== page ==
When the dust settles and the incense clears away, the “provisional accord” between the Holy See and Beijing that was announced (but not revealed) on Saturday, Sept. 22, will leave both Chinese Catholics and their sisters and brothers in Taiwan wondering what all the fuss was about. The “accord” is only a first concession by Pope Francis to test Beijing’s willingness to engage.
Of course, the Vatican “hopes” the agreement will be “historic” while Beijing doesn’t see fit to tout it at all — except to foreign media, and even then not enthusiastically. It seems that Beijing doesn’t want to draw attention to the Holy Father’s magnanimous acceptance of Beijing’s state-designated “bishops.” Perhaps because further movement depends on the Chinese Communist Party’s recognition of over 40 existing Papal consecrated bishops in China’s underground Catholic Church.
Incongruously, the official Vatican newspaper, L’Osservatore Romano, with archangels’ clarions and front-page prominence, declared Sept. 22, 2018, to be “A Date in History.” Why? Because this “provisional accord between China and the Holy See on the appointment of Bishops, is an agreement prepared through decades of long and patient negotiations.” Alas, decades of patient negotiations have yielded no improvement in the fate of China’s Catholics.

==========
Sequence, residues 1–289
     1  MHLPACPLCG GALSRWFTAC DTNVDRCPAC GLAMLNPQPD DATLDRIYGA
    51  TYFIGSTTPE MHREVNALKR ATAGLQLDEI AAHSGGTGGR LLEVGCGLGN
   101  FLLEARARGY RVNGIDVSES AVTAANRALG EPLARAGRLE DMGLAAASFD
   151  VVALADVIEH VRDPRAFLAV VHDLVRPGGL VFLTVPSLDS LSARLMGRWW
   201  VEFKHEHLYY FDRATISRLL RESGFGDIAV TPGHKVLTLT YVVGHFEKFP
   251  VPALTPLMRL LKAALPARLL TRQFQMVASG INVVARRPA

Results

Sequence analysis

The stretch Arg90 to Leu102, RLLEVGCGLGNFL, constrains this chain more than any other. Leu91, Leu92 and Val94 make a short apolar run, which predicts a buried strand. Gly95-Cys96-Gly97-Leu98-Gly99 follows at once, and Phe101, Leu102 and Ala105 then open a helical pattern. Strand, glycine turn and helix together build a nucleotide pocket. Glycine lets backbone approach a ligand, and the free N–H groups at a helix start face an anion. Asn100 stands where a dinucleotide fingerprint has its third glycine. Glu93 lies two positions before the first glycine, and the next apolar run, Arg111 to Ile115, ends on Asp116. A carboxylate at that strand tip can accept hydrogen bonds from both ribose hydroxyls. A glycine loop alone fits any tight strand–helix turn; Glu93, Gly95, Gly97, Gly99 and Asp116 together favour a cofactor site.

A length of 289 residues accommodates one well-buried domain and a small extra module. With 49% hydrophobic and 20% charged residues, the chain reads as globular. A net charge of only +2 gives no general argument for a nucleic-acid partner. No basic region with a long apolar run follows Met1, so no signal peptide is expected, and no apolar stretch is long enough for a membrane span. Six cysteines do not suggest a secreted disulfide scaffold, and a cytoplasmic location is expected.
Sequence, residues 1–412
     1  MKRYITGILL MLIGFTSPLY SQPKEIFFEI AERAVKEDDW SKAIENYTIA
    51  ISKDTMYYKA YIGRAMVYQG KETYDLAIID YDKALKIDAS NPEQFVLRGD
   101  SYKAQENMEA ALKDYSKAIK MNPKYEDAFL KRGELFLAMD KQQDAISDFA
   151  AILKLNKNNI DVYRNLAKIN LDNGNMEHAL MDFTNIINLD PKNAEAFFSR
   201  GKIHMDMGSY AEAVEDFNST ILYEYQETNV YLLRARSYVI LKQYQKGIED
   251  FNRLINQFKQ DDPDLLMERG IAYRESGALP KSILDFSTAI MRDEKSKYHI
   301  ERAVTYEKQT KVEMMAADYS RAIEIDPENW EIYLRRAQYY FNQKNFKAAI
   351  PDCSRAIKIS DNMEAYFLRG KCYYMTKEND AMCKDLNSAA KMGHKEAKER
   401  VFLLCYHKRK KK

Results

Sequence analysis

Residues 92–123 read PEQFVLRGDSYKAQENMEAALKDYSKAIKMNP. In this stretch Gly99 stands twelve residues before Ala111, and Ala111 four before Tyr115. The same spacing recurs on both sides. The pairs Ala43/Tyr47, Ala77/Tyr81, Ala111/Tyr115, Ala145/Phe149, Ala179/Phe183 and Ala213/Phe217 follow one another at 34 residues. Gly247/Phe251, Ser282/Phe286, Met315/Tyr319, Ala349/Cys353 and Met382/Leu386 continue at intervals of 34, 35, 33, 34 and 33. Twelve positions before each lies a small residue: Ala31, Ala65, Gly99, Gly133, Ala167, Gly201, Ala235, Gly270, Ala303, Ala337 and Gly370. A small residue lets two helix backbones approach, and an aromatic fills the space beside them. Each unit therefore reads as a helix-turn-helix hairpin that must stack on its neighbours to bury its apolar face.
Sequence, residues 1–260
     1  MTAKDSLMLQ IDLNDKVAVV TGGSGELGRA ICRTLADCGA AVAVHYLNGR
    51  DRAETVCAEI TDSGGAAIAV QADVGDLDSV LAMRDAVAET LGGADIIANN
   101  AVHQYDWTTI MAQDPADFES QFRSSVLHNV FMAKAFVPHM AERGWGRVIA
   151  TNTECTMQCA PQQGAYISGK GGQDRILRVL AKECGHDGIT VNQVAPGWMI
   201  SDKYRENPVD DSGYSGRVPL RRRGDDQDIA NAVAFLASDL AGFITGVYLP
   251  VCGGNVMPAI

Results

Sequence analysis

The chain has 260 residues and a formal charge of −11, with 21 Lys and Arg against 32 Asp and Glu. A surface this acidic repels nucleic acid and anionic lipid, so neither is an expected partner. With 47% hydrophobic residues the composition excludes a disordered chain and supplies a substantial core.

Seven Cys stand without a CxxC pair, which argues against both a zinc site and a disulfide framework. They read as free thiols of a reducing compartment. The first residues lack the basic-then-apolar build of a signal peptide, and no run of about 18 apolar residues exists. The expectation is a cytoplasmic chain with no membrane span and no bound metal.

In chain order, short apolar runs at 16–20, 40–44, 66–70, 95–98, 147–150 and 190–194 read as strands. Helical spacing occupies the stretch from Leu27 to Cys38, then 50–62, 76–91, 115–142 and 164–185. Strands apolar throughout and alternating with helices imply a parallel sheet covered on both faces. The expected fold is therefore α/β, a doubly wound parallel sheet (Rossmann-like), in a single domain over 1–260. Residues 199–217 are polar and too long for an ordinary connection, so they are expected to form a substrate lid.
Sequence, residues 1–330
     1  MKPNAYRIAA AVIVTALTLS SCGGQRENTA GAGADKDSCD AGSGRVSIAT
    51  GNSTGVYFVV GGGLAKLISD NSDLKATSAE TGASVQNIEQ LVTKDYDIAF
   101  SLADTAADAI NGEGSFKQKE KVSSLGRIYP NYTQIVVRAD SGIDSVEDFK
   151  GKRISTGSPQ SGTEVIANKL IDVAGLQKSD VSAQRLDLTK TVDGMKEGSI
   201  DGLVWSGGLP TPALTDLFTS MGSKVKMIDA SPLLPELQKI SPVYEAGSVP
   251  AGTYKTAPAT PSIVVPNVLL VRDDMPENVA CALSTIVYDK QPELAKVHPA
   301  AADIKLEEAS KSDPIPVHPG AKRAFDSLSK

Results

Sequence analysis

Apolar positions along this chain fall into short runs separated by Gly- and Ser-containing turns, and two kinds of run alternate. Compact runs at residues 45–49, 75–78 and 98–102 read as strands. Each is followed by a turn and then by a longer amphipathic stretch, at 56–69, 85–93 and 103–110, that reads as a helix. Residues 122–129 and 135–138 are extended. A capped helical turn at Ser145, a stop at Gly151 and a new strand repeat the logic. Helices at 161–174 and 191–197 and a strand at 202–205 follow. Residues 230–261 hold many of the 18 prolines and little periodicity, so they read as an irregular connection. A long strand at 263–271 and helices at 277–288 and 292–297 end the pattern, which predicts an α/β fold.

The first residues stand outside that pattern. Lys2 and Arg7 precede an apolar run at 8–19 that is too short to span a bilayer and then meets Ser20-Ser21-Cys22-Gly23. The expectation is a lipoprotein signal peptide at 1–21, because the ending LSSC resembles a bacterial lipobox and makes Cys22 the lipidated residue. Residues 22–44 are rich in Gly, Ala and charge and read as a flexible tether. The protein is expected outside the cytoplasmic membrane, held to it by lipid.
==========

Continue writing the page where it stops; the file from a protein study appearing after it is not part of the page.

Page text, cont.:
A separate Vatican communique issued on the Holy See homepage offered tantalizing hints of the Vatican-Beijing talks: 1) the “Provisional Agreement” is the “fruit of a gradual and reciprocal rapprochement”; 2) it “foresees the possibility of periodic reviews of its application”; 3) it concerns the nomination of bishops and 4) “creates the conditions for greater collaboration at the bilateral level.”
The Vatican communique concludes with the upbeat Vatican view — certainly not Beijing’s — that their “shared” hope is that this agreement could possibly “favor a fruitful and forward-looking process of institutional dialogue and may contribute positively to the life of the Catholic Church in China, to the common good of the Chinese people and to peace in the world.”